Determined to bring change and create a generation of wealthy Kenyans, Kithaka brought in seven friends to form FEP, a private company, in 2002. For four years they met regularly to brainstorm and share ideas, save and invest. When Kithaka started calling people in 2007 to invest in FEP and gave them an idea of what the group would achieve by 2016, it was only those who could see nine years ahead who invested. His biggest obstacle was getting people to change their mindset in order to do extraordinary things.
All the same, by 2009 the company had grown and it registered a Sacco to enable members own shares. Eventually, the company incorporated FEP Holdings and was later converted into a public company. Today it has over 30,000 investors from more than 40 Counties across Kenya and another 5,000 in Diaspora mainly from the USA, UK, United Arab Emirates (UAE), Canada, South Africa, Australia as well as the larger East Africa. It has continued to grow significantly and has 16 registered trading and non-trading companies in real estate, IT and security services, education, media, hospitality and tourism, insurance, supermarkets and mobile money transfer services, micro credit services, health care among others.
Kithaka says his dream for Kenya is for people to learn to identify their purpose and utilise their talents and gifts to exploit that purpose. “People strain to make money and work in jobs they don’t enjoy, yet it would be much easier and enjoyable to do so in their area of calling,” he advises.
Giving back to society…
Kithaka says he draws many of his principles in life from the Bible. “My spiritual life and social accountability is key in how I carry out business and how I live my life,” he says. He recalls his university days when he was involved in evangelistic missions. He disliked how these missions always relied on donations for their work. Kithaka had a vision of Christians preaching in riches and he wanted to be involved in making that a reality.
As a result FEP has an evangelical movement composed of about 7,000 pastors. This movement helps the pastors to further evangelical work and empower religious leaders. The organisation sponsors a Levitical yearly conference for these men of the cloth, who act as accountability partners for the FEP administrators.
The company understands that the joy of wealth is in giving and sharing. It is this belief that led them to establish an Eagles Club International made up of at least 100 members in each of the 40 counties of Kenya, who donate money towards the FEP Foundation. The money caters for the educational needs of bright and needy students, special medical cases, the neglected and also greening the environment in a sustainable and innovative manner.
“My joy is to impact on as many people as possible. I hope to be remembered as a change agent in my generation because that is what signifies a life well lived. I believe you don’t need to give much to make an impact. Rather do the best you can at your level,” he says profoundly.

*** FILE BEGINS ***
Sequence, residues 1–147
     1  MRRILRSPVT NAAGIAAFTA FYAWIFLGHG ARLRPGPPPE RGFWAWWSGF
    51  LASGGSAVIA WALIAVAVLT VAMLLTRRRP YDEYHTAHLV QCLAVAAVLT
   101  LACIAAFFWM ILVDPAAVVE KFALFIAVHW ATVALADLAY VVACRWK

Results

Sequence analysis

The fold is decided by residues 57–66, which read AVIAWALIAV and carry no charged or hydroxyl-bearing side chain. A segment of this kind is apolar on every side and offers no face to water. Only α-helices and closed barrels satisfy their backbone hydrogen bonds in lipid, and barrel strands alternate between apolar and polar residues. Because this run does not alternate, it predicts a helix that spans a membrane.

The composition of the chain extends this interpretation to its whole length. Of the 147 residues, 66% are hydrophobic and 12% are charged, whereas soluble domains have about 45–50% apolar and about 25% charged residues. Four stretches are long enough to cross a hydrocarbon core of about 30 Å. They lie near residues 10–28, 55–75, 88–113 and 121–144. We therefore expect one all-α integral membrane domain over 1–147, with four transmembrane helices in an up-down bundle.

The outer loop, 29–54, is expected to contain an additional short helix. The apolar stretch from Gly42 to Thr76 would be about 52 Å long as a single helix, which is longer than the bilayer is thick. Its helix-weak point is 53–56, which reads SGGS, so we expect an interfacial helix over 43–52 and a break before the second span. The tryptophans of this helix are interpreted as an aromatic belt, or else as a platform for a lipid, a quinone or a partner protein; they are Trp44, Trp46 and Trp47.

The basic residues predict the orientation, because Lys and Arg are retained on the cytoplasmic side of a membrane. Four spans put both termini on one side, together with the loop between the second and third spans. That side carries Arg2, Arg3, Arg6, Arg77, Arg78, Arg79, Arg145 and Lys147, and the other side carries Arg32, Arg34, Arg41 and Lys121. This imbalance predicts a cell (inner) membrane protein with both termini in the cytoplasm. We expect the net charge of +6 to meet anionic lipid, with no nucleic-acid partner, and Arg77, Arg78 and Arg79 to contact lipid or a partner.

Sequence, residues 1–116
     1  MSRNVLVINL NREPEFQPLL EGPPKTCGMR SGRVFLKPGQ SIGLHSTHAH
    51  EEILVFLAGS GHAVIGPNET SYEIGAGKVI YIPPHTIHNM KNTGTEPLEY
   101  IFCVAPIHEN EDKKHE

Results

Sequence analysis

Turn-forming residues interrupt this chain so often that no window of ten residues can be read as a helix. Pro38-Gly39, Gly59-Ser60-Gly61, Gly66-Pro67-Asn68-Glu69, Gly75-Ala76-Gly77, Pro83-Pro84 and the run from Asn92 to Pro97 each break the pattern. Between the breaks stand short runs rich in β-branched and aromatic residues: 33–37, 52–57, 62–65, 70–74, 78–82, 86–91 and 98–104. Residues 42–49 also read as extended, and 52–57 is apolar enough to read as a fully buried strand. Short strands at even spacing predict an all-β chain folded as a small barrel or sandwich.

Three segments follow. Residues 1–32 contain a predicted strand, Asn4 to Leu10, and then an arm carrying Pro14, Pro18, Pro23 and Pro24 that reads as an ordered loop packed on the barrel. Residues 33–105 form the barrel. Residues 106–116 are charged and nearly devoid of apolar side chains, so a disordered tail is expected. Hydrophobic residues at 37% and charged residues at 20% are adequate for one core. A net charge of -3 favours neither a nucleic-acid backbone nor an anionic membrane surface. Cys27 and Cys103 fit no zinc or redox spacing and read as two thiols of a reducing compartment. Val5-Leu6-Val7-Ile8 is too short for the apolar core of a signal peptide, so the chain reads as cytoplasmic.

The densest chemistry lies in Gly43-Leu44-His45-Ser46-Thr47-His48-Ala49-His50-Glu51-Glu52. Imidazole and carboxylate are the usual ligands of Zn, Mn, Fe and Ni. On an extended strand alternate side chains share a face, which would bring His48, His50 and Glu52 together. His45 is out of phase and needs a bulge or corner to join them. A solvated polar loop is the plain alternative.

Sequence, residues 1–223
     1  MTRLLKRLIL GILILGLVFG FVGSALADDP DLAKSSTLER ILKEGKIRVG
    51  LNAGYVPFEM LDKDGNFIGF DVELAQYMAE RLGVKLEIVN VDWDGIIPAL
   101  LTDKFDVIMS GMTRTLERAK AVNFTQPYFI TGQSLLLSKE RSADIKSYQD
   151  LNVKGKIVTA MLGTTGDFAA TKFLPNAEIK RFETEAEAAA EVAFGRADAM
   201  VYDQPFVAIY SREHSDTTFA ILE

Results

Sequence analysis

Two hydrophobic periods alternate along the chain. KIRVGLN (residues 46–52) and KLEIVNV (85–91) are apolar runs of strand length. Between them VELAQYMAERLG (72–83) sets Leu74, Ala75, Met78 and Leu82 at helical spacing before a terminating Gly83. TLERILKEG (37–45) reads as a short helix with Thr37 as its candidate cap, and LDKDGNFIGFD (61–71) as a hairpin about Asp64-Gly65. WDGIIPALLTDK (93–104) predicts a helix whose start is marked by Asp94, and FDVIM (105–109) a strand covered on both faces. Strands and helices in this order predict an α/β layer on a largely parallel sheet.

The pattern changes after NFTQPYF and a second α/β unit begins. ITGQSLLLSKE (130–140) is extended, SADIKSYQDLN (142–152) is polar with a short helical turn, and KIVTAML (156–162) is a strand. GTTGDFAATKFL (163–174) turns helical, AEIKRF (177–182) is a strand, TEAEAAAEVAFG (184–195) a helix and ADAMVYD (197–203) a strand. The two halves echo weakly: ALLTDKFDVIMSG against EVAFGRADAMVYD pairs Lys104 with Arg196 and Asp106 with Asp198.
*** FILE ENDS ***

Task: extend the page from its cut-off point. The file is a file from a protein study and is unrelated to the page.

The family font…
Kithaka is married to Catherine Kithaka, an IT consultant and an entrepreneur. They have been married for 13 years and have three children – Karen, nine, Calyx six and six-months-old Kalyn. “ I shared my vision with Catherine when we were dating and she could identify with it. I am grateful for her support and great belief in me. Nothing comes easy and I have faced many storms in my journey, but having an understanding and supportive partner has made it easier,” he says.
Despite his busy schedule, Kithaka is very deliberate about spending time with his family. “No matter how much money you make, how popular you become, or how many friends you gain, if your family unit is not working, then you have lost the game of life. You need to prioritise and be disciplined so as to achieve a healthy balance between work and family. My wife and I are jointly and individually accountable for the upbringing of our children,” he says.
Catherine is zealous about families and she does marriage counseling for couples when requested. During his free time, Kithaka enjoys reading, swimming and playing golf with his wife.
Kithaka draws a lot of inspiration from his profession as an architect, insisting that he never invests in anything until he has laid a solid and unshakeable foundation. He also must have a mental picture of what the end project will look like and whether it will be sustainable several generations down the line.
“In life, you must have a vision of where you want to go and what you want to achieve. Don’t venture into that which you are unsure how it will look like in old age. True financial freedom is establishing structures that work for you even when you are no longer there,” he concludes.
Published in June 2014